Mrs. Bill’s sewing

Mrs. Bill’s sewing

My mother-in-law and her quilt.

I married a man raised on a farm in Fayetteville. His mother had 10 children. Besides raising vegetables and other crops, they raised pigs, cows and chickens. This provided the family with a lot of feedbags. These were used for clothes, quilts and other household items. My mother-in-law, Mrs. Bill, always wore dresses and aprons made from the printed bags. She made underwear from the white bags.

By1956, we had three daughters and one son. Mrs. Bill was generous with what she had and would share food from her garden. She also shared her leftover printed feed bags which were suitable for children's clothes. This was very helpful to us with a growing family.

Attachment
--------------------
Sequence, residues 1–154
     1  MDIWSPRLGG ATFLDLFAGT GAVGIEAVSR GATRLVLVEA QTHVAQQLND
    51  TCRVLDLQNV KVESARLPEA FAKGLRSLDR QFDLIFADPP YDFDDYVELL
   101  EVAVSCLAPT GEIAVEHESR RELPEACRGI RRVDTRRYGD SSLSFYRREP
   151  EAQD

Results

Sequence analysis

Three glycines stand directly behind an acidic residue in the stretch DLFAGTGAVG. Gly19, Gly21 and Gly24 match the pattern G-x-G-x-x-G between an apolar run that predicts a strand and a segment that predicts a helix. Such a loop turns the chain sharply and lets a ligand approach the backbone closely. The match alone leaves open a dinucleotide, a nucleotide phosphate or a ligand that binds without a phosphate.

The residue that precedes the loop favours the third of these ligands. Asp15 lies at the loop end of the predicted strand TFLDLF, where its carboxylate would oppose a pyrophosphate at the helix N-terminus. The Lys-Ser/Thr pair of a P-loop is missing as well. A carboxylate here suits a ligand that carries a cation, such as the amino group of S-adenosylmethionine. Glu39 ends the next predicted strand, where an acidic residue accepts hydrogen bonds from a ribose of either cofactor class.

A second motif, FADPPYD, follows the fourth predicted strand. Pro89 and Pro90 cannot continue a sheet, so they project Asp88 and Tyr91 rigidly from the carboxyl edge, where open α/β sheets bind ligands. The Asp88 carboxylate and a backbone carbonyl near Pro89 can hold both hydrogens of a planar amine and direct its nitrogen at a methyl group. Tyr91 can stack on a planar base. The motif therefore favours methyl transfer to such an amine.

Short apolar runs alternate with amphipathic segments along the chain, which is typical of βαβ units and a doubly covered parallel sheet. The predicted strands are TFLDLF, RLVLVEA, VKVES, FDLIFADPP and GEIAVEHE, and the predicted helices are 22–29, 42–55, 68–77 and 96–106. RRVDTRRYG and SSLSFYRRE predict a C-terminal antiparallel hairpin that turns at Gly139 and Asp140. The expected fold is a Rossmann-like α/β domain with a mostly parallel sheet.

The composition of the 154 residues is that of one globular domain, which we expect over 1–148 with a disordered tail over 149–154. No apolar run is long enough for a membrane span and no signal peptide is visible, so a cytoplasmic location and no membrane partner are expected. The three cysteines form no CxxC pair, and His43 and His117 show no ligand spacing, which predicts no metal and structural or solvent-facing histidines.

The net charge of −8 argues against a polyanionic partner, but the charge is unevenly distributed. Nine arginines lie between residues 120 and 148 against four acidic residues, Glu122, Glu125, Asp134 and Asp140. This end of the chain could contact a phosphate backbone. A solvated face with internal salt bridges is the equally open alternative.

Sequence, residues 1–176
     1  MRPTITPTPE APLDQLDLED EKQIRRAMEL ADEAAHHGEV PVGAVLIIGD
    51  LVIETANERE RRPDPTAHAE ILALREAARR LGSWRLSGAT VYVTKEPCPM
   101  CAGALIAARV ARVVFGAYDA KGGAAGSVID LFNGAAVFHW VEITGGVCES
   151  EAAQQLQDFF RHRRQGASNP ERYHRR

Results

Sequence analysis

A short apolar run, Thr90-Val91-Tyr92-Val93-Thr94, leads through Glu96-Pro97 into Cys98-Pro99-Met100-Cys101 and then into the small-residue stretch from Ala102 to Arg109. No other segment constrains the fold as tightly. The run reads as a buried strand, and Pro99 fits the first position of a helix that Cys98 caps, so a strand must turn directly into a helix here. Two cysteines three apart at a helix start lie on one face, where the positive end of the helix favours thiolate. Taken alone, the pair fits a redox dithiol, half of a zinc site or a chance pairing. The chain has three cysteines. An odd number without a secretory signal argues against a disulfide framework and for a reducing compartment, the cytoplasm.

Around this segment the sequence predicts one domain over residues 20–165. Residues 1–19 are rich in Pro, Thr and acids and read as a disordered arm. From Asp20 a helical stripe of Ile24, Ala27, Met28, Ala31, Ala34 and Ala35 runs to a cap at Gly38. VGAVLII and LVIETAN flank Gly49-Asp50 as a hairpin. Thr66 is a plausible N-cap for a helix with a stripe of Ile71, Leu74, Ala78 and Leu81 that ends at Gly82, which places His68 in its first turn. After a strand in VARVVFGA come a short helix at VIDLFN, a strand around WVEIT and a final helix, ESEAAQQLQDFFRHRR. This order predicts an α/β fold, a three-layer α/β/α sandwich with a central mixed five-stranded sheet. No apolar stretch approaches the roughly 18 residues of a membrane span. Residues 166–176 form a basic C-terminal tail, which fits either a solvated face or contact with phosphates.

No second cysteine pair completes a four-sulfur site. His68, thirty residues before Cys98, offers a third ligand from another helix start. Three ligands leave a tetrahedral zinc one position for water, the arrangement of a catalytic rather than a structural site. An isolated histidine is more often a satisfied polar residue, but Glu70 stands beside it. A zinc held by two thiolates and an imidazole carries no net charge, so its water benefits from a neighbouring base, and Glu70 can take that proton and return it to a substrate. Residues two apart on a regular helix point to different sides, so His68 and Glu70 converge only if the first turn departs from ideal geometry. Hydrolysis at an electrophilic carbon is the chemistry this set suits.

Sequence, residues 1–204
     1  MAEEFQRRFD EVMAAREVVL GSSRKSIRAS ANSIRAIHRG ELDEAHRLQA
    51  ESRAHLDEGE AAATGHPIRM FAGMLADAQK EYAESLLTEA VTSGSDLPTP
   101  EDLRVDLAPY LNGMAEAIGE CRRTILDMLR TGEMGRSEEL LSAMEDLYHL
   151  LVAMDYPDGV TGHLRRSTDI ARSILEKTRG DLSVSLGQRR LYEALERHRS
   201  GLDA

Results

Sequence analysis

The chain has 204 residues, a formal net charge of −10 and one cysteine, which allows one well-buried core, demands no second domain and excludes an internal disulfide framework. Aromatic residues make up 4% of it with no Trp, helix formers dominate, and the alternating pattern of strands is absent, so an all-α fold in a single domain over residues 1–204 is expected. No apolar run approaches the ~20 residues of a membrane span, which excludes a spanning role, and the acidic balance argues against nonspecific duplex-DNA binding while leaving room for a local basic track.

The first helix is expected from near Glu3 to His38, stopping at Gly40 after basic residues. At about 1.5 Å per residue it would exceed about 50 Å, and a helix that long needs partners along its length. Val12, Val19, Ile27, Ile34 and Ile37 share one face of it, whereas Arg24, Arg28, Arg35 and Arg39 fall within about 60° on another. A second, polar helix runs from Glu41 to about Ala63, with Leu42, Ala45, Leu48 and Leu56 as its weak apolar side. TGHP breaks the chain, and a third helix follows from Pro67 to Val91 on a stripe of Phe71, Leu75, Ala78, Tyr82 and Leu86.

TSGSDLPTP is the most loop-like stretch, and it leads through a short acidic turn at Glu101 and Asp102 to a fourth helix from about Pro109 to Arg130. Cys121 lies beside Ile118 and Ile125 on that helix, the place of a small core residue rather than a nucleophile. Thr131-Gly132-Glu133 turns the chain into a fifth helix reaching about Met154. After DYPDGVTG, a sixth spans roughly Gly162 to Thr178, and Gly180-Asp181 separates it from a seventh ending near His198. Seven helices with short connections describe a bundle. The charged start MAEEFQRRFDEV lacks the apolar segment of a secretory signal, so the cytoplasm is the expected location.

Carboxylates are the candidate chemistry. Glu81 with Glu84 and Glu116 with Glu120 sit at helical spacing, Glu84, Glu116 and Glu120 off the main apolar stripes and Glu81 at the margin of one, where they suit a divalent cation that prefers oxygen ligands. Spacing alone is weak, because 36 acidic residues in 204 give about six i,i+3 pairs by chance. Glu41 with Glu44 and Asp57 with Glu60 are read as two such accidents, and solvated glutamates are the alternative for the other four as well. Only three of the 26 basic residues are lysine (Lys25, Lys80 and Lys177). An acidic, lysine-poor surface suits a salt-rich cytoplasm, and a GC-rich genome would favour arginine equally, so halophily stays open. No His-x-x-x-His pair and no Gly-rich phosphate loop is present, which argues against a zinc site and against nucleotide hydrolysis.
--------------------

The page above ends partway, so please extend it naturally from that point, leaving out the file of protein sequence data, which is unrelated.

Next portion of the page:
In 1977, Mrs. Bill passed away at the age of 89 years. A quilt top she made from scraps left over from sewing clothes was given to me. One February winter day, my husband and I quilted the top on the kitchen table. I used a soft backing and made double bias from the same material. My husband helping me with the quilting made it more precious to me. It did not matter that his stitches were larger than mine.

Mary F. Bill, Fayetteville, South River EMC

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